The Facts Diabetic ketoacidosis (DKA) is a condition that may occur in people who have diabetes, most often in those who have type 1 (insulin-dependent) diabetes. It involves the buildup of toxic substances called ketones that make the blood too acidic. High ketone levels can be readily managed, but if they aren't detected and treated in time, a person can eventually slip into a fatal coma. DKA can occur in people who are newly diagnosed with type 1 diabetes and have had ketones building up in their blood prior to the start of treatment. It can also occur in people already diagnosed with type 1 diabetes that have missed an insulin dose, have an infection, or have suffered a traumatic event or injury. Although much less common, DKA can occasionally occur in people with type 2 diabetes under extreme physiologic stress. Causes With type 1 diabetes, the pancreas is unable to make the hormone insulin, which the body's cells need in order to take in glucose from the blood. In the case of type 2 diabetes, the pancreas is unable to make sufficient amounts of insulin in order to take in glucose from the blood. Glucose, a simple sugar we get from the foods we eat, is necessary for making the Continue reading >>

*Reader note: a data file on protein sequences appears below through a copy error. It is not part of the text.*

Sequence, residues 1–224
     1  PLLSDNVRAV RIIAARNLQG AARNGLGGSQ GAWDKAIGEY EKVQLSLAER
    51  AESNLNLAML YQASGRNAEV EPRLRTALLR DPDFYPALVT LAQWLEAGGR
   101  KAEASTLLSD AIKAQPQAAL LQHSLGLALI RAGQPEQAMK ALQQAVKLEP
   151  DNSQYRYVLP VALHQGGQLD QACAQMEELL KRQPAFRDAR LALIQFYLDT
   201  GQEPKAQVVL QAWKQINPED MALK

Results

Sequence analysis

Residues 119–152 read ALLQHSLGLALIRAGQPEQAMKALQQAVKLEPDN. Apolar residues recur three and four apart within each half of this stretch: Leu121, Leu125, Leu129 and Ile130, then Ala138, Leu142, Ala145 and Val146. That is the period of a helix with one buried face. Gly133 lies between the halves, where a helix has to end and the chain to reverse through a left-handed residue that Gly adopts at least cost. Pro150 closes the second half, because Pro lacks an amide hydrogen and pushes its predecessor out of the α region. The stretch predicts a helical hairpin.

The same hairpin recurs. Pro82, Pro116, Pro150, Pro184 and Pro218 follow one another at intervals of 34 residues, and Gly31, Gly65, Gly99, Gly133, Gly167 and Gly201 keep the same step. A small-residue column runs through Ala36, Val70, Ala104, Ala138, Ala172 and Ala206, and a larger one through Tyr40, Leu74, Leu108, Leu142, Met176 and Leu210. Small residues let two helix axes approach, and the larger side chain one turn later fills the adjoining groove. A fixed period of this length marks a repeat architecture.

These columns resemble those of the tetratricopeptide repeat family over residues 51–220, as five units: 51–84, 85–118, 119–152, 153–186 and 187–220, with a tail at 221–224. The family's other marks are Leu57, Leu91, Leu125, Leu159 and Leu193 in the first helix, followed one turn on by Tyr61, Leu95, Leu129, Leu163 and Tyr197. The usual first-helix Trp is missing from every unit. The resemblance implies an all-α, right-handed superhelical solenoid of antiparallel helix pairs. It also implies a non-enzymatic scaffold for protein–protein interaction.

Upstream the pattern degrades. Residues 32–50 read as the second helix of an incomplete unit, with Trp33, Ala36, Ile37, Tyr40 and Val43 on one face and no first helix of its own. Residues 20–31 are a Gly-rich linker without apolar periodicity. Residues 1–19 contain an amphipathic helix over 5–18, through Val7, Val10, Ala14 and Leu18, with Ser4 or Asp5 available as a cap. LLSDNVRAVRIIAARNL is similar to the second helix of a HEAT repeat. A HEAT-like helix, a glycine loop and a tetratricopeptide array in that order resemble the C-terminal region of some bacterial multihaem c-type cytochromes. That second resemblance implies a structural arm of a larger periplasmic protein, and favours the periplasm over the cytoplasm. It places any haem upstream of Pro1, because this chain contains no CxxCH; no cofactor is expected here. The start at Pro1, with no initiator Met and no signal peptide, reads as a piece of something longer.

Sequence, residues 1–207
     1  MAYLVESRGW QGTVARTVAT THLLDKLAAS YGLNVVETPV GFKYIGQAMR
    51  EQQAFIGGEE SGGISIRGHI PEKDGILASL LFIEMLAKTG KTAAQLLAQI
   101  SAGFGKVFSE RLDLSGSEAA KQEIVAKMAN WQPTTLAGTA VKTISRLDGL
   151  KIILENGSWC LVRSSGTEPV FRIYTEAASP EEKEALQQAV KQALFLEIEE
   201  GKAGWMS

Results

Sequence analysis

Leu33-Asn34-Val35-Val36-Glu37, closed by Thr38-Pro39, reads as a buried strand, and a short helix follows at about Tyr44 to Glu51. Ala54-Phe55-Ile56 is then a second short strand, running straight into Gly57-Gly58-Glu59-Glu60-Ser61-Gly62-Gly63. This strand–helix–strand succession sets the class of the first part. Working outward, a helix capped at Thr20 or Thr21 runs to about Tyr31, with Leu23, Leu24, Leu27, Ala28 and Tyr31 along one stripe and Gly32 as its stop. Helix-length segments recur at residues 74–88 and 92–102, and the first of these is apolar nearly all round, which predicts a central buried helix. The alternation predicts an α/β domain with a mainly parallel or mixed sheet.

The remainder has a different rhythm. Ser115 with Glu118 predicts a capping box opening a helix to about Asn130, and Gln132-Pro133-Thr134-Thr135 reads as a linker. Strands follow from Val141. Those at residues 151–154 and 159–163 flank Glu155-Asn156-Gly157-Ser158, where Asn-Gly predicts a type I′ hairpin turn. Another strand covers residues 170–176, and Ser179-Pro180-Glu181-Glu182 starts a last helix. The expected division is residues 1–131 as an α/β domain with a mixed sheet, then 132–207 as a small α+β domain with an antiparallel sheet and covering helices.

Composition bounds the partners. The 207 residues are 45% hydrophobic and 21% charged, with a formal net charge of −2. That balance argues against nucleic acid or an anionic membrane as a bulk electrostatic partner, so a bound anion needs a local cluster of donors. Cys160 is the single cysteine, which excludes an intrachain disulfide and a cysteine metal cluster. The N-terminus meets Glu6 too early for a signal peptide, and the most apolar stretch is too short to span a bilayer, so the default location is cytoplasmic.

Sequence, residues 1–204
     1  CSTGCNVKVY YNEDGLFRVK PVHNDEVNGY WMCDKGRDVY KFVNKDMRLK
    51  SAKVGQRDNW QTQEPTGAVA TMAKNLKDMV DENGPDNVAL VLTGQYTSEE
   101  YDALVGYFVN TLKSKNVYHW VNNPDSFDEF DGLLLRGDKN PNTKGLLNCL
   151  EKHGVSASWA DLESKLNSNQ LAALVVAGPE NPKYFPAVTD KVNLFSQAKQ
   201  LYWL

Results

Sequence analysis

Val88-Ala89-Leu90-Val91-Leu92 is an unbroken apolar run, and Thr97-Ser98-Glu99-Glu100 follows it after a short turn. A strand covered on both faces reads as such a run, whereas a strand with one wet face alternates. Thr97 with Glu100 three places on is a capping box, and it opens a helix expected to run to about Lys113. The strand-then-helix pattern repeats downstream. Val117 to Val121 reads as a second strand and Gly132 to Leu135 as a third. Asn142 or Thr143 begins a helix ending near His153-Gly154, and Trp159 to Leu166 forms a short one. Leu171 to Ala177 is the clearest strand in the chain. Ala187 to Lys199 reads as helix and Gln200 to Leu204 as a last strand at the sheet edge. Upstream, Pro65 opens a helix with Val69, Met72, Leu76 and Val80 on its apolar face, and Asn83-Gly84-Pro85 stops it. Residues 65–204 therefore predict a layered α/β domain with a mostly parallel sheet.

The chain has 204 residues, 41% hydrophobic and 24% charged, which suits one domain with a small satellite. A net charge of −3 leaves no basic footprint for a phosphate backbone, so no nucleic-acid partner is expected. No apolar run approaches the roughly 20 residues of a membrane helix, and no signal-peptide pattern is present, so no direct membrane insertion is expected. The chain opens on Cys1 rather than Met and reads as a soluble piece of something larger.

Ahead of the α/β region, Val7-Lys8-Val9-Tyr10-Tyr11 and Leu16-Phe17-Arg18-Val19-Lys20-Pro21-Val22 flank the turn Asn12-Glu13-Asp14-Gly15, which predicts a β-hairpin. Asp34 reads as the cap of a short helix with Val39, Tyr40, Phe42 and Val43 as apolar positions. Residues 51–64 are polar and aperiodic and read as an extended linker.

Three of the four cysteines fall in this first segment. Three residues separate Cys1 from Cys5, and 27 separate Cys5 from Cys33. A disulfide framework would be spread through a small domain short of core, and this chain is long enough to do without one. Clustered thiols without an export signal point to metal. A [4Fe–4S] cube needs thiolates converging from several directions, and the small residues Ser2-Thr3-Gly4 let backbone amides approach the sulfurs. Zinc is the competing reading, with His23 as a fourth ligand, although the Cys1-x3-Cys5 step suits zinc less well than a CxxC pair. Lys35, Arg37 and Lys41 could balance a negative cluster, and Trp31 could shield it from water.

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What You Should Know About Diabetic Ketoacidosis

Diabetic ketoacidosis (DKA) is a buildup of acids in your blood. It can happen when your blood sugar is too high for too long. It could be life-threatening, but it usually takes many hours to become that serious. You can treat it and prevent it, too. It usually happens because your body doesn't have enough insulin. Your cells can't use the sugar in your blood for energy, so they use fat for fuel instead. Burning fat makes acids called ketones and, if the process goes on for a while, they could build up in your blood. That excess can change the chemical balance of your blood and throw off your entire system. People with type 1 diabetes are at risk for ketoacidosis, since their bodies don't make any insulin. Your ketones can also go up when you miss a meal, you're sick or stressed, or you have an insulin reaction. DKA can happen to people with type 2 diabetes, but it's rare. If you have type 2, especially when you're older, you're more likely to have a condition with some similar symptoms called HHNS (hyperosmolar hyperglycemic nonketotic syndrome). It can lead to severe dehydration. Test your ketones when your blood sugar is over 240 mg/dL or you have symptoms of high blood sugar, s Continue reading >>